Mercedes-Benz C-Class Coupe (2015 -) Review

Review by Keith Jones on
There’s no mistaking that this is the second-generation Mercedes-Benz C-Class Coupe. Gone are the previous model’s chiselled lines, replaced by softer, more fluid curves which ape the flagship S-Class Coupe’s styling.

Mercedes-Benz C-Class Coupe (15 on)
  • Brisk performance
  • Attractive, quality cabin
  • Blends sportiness and comfort
  • Passenger space
  • Steering needs more feel
  • Boot smaller than key rivals
  • Expensive array of options

New price range:

£39,565 - £82,750

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Used price range:

£11,018 - £68,172

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Parkers Rating:

4.5 out of 5

There’s no mistaking that this is the second-generation Mercedes-Benz C-Class Coupe. Gone are the previous model’s chiselled lines, replaced by softer, more fluid curves which ape the flagship S-Class Coupe’s styling.

It’s a similar mantra to last time: take the existing C-Class Saloon, shroud it in slinkier two-door bodywork and make it sit 15mm lower to emphasise its sportier nature.

Not that Mercedes will have the market to itself with the C-Class Coupe. There’s the aging but popular Audi A5 Coupe to contend with in addition to the well-regarded BMW 4 Series Coupe. Plus there are more left-field alternatives such as the Ford Mustang Fastback and Lexus RC.

Sportier proposition

As before, the Mercedes-Benz C-Class Coupe is pitched as a ‘personal car’, one a driver chooses for themselves but has a degree of practicality when needs arise.

Surprising, given the aggressive slope of the roofline towards the back of the cabin, there’s space for four adults in the Coupe, although admittedly headroom in the back is at more of a premium than in the Saloon. There’s ample leg and elbow room but be aware this C-Class only has four seats – there’s no option for a centre seatbelt on the rear bench, either.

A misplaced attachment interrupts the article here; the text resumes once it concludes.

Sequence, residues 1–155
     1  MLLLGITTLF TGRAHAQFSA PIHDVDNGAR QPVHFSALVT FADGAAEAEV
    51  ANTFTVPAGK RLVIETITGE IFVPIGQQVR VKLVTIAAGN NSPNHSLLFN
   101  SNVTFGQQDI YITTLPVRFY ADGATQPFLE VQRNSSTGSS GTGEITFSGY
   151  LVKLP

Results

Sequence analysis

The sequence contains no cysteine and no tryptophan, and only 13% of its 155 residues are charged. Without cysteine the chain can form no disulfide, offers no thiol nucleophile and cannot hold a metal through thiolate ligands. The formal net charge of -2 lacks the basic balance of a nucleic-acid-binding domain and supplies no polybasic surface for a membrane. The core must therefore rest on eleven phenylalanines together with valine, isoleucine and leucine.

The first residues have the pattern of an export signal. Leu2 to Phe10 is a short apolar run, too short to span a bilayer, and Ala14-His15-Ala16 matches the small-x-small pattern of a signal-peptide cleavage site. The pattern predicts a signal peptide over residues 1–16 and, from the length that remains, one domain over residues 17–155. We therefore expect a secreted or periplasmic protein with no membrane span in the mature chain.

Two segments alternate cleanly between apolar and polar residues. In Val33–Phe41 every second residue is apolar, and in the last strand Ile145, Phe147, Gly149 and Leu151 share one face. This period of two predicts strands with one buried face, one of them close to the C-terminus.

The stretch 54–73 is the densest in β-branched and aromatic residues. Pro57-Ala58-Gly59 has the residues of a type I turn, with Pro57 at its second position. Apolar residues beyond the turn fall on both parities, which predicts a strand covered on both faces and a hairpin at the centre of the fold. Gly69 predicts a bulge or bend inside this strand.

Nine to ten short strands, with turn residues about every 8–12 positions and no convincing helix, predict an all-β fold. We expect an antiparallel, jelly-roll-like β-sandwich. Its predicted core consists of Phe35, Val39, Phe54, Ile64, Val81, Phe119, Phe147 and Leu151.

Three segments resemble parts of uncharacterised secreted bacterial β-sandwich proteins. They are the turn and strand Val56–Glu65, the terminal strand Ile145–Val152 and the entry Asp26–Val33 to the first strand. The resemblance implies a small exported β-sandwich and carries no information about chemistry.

Up front, the sports seats with integrated head restraints are unique to the C-Class Coupe but the main dashboard is identical to that fitted to the Saloon and Estate.

Differences are more conspicuous outside – the scalloping along the bodywork extends much further towards the rear of the car, the back end featuring wide-yet-slender tail lamps to create further distinction from its more practical siblings.

Mimicking other sportier Mercedes models, the grille features a diamond-like pattern, radiating out from the three-pointed star badge at its centre.

In typical tradition for the brand, the C-Class Coupe’s doors are frameless, but unlike larger coupes from Mercedes’ back-catalogue, the rear side windows remain in a fixed position.

Sporty-yet-efficient engines

There’s a wide range of powerplants for the Mercedes-Benz C-Class Coupe but the UK market won’t receive all of them.

For the mainstream Coupe range there’s a 2-litre petrol engine available in two power outputs. With 181bhp, the C200 is capable of speeds of up to 147mph yet returns a claimed 53.3mpg when coupled to a manual gearbox. Emissions are quoted at 123g/km of CO2 when riding on the standard 17-inch wheels.

Those seeking more power should consider the C300 with 242bhp. It’s available only with a seven-speed automatic transmission and completes the 0-62mph sprint in just six seconds.

It’s a similar one-engine-two-outputs story for those considering a diesel version. Under both the C220d’s and C250d’s bonnets is a 2.1-litre motor, producing 168bhp and 201bhp, respectively. Whichever you choose, both have claimed fuel consumption figures of just below 70mpg, with corresponding CO2 emissions of under 110g/km.

If all that sounds a little humdrum then consider the AMG C63 and AMG C63S Coupes with up to 503bhp at your disposal courtesy of a twin-turbocharged 4-litre V8 engine.

Bristling with technology

Two generously appointed trim levels are available for the Mercedes-Benz C-Class Coupe range – Sport and AMG Line.

There’s a raft of standard safety equipment making the Coupe one of the safest two-door models on sale, with a wide range of supplementary kit optionally available. For example, Intelligent Drive employs a pair of cameras alongside radar to monitor road and traffic conditions more effectively than radars alone can manage.

Dominating the centre of the dashboard is the tablet-style display screen for the ‘Comand’ infotainment system, which includes sat-nav. Cleverly, information from the navigation system informs the climate control how to react to situations such as entering a tunnel – do so and it automatically recirculates the air within the cabin rather than extract unwanted exhaust fumes from inside.

Read the full Parkers Mercedes-Benz C-Class Coupe review to find out how we rate this premium, sporty two-door.

Parkers Ratings


4.5 out of 5


4 out of 5


4.5 out of 5


5 out of 5


3.5 out of 5

Behind the wheel

4.5 out of 5


4.5 out of 5


4.5 out of 5

Running costs

4 out of 5

Green credentials

4 out of 5

Buying new

4 out of 5

Buying used

4 out of 5


4 out of 5


4.5 out of 5

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